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The game of carrom is believed to have originated from the Indian subcontinent. Although no concrete evidence is available, it is believed that carrom was invented by the Indian Maharajas. One Carrom Board with its surface made of glass is still available in one of the palaces in Patiala, India. It became very popular among the masses after World War I. State level competitions were being held in different States of India during early part of the nineteenth century. Serious carrom tournaments may have begun in Sri Lanka in 1935 but by 1958, both India and Sri Lanka had formed official federations of carrom clubs, sponsoring tournaments and awarding prizes.
The International Carrom Federation (ICF) was formed in the year 1988 in the city of Chennai, India. The formal rules for the Indian version of the game were published in 1988. In the same year the ICF officially codified the rules. The game has been very popular throughout South Asia, mainly in India, Pakistan, Bangladesh, Sri Lanka, and Nepal. It has gained some popularity in Europe and the United States where it has been introduced by the Indian diaspora. The United States Carrom Association reports on competitions in the U.S. and Canada and has a player ranking list as of the last tournament.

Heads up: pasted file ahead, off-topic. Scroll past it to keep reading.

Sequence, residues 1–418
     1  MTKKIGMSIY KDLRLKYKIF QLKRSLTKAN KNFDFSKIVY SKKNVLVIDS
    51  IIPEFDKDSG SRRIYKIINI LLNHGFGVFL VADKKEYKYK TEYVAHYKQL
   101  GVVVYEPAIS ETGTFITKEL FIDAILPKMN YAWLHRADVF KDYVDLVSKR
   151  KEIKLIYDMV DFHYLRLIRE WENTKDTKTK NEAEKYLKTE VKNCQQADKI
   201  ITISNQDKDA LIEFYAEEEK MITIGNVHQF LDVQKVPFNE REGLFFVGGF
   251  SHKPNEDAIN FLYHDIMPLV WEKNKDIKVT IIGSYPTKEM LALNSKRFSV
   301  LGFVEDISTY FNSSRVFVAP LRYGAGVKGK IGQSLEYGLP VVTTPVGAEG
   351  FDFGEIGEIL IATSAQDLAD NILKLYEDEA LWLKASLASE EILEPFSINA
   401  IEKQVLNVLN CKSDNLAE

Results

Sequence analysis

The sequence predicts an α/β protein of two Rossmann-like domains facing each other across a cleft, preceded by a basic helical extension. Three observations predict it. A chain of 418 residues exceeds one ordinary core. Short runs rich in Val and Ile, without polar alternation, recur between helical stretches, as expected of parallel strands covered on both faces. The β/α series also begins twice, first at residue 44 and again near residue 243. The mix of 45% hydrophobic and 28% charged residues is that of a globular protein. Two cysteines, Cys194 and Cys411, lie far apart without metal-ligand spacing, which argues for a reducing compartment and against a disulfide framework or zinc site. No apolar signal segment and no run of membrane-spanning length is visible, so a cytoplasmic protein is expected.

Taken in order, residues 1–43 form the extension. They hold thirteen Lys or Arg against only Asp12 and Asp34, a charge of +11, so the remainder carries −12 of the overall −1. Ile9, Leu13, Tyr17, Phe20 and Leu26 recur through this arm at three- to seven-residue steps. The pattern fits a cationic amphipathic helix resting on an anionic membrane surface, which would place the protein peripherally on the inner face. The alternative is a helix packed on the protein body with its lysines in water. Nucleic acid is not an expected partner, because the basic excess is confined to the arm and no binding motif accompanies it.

The board and pieces can be bought in Europe or the U.S. and are usually imported from India. The most expensive boards are made to a high standard with high quality wood and decorations though cheaper boards are available. Some of the largest exporters of carrom boards are in India, e.g. Precise, Surco, Syndicate Sports and Paul Traders.
The objective of play is to use a striker disk with a flick of the finger to make contact with and move lighter object disks called carrom men, which are thus propelled into one of four corner pockets.
The aim of the game is to pot (or pocket) one's nine carrom men and the Queen before your opponent.
<p>1 x Supreme Carrom Board</p> <p>1 x Carrom Men Box </p> <p>1 x Striker</p>